In the beginning of the classic 1989 film, Back to the Future: Part II, 17-year-old protagonist Marty McFly travels 30 years into the future to visit his grownup self in the year 2015.
Rutenberg Ushers Alternatives Into the Industry
Having basically grown up in the building industry (his father Art is a prominent national builder, now retired), Barry Rutenberg seems to view all builders as his extended family.
Having basically grown up in the building industry (his father Art is a prominent national builder, now retired), Barry Rutenberg seems to view all builders as his extended family. His loyalty to builders and building is what drives his association efforts in everything from city transportation tasks forces to county land use committees to the NAHB’s Traditional and Alternative Building Materials Task Force.
Through his work on the Materials Task Force, Rutenberg has succeeded in improving material options-many in the industry believe that builders are paying less for materials now due to Rutenberg’s efforts. Because of his tireless efforts, Professional Builder is honoring Rutenberg with a Professional Achievement Award.
The two major missions of the task force Rutenberg leads are to introduce alternative materials into the marketplace and stabilize and increase traditional materials supply and pricing. This means Rutenberg travels across the country-often at his own expense-to research and field-test new building technology, meet with builders who have problems with or remedies for current materials glitches, chair committee meetings or represent the industry’s views on Capitol Hill.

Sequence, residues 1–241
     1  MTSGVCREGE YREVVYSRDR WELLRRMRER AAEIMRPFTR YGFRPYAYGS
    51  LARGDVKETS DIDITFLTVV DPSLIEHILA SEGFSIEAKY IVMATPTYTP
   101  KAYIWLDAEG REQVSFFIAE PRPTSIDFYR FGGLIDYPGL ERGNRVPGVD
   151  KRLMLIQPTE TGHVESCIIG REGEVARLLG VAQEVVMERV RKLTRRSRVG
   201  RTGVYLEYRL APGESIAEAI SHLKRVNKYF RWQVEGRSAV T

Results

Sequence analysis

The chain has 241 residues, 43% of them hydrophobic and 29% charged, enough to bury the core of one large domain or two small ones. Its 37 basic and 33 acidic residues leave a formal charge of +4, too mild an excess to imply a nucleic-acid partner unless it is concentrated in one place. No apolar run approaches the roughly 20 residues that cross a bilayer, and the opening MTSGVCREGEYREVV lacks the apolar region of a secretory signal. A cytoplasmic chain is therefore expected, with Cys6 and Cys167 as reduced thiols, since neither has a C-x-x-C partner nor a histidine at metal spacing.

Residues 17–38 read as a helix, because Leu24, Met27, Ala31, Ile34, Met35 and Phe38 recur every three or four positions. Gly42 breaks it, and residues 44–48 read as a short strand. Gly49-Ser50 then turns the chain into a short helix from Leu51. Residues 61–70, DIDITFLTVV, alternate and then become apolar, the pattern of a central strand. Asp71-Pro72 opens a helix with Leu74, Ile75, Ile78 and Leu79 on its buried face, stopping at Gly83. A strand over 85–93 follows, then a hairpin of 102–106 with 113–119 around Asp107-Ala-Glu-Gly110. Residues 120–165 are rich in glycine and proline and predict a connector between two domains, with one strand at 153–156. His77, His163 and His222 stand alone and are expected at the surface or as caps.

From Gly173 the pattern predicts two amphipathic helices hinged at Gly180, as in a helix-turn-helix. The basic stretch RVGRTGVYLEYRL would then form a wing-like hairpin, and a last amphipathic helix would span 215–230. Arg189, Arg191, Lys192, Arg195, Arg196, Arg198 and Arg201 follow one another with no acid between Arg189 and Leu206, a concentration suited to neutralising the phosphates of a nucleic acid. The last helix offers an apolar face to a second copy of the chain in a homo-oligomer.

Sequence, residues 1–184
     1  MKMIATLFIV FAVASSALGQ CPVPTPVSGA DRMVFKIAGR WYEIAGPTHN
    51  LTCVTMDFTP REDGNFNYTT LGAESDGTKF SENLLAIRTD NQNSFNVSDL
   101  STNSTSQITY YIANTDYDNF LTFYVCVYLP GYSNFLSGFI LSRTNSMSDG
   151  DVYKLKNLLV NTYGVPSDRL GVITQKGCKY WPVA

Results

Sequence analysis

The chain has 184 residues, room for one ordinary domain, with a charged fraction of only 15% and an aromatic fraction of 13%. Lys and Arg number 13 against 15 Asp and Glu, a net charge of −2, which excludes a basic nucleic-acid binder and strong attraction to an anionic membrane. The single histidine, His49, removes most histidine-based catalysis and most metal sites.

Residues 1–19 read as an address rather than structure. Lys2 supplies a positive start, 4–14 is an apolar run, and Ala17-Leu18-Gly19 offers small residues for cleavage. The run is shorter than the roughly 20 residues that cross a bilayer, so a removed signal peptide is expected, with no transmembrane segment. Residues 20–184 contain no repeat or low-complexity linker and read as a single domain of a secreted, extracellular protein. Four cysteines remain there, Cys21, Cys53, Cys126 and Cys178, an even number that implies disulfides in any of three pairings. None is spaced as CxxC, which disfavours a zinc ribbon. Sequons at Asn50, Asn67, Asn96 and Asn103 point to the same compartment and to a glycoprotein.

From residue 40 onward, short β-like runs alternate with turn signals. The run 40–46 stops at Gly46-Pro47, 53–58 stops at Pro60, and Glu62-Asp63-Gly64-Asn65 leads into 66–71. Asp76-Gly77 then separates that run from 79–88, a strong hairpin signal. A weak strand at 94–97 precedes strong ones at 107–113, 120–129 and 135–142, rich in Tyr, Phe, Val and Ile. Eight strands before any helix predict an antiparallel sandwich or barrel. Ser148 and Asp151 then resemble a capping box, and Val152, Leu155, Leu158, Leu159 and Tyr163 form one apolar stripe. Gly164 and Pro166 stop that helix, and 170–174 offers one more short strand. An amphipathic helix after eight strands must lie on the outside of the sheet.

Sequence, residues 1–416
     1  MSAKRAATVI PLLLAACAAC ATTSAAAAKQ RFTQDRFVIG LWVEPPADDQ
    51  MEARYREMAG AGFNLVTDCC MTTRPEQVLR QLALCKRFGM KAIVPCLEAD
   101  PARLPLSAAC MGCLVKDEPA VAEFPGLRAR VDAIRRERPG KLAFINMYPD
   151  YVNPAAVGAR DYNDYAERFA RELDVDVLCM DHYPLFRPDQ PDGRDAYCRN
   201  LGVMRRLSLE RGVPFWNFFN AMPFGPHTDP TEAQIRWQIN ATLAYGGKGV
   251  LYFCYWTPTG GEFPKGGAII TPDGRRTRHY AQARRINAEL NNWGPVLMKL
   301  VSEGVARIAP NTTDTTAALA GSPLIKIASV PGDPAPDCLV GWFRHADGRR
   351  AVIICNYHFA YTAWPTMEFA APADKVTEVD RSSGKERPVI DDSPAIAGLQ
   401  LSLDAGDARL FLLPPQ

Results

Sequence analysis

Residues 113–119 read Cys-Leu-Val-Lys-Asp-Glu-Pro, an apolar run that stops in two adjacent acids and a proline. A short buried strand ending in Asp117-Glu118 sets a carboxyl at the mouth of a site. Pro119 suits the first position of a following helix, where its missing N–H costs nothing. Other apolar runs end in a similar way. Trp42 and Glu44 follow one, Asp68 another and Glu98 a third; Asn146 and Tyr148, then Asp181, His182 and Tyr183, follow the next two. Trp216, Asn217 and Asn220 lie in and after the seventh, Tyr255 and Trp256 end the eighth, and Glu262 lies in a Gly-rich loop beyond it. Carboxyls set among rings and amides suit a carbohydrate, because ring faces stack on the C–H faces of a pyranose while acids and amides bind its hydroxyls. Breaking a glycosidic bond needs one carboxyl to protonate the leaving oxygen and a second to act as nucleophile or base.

"I have fun with the work," says Rutenberg. "I get to work with builders from all backgrounds, representatives from major companies and politicians from several federal departments. I get a lot of mental stimulation from it."
The past few years have been especially stimulating for Rutenberg and his task force, as the current building boom has caused drywall, lumber, insulation and other materials’ supply and pricing to spike wildly up and down. These problems have forced numerous builders to extend delivery times and incur cost overruns, but the situation is reversing and would undoubtedly have been longer and worse if not for Rutenberg.
He has been instrumental in lessening the trade restraints of the Softwood Lumber Agreement between the U.S. and Canada. Steel framing and cement structural system acceptance and market share has also improved, partly as a result of the lumber and drywall shortage and in large part to Rutenberg’s work to eliminate production, distribution, marketing and performance problems.
It is very telling of his dedication to building that something significant enough to earn him this industry recognition is in actuality just one of Rutenberg’s many tireless contributions. He has served on and held positions with more than 100 associations, groups, task forces, boards and councils at local, state, regional, national and international levels. He has also built more than 800 homes and 10 communities in Northern Florida since first joining US Home as a regional manager in 1973.
"I love being involved in the associations because they’re basically a seminar with my peers," says Rutenberg. "The functions are a great place for communicating ideas on a wide range of topics."
Rutenberg is currently serving his seventh one-year term as elected chairman of the alternative materials task force. "The task force as we currently know it may cease to exist," says Rutenberg. "But the work will go on."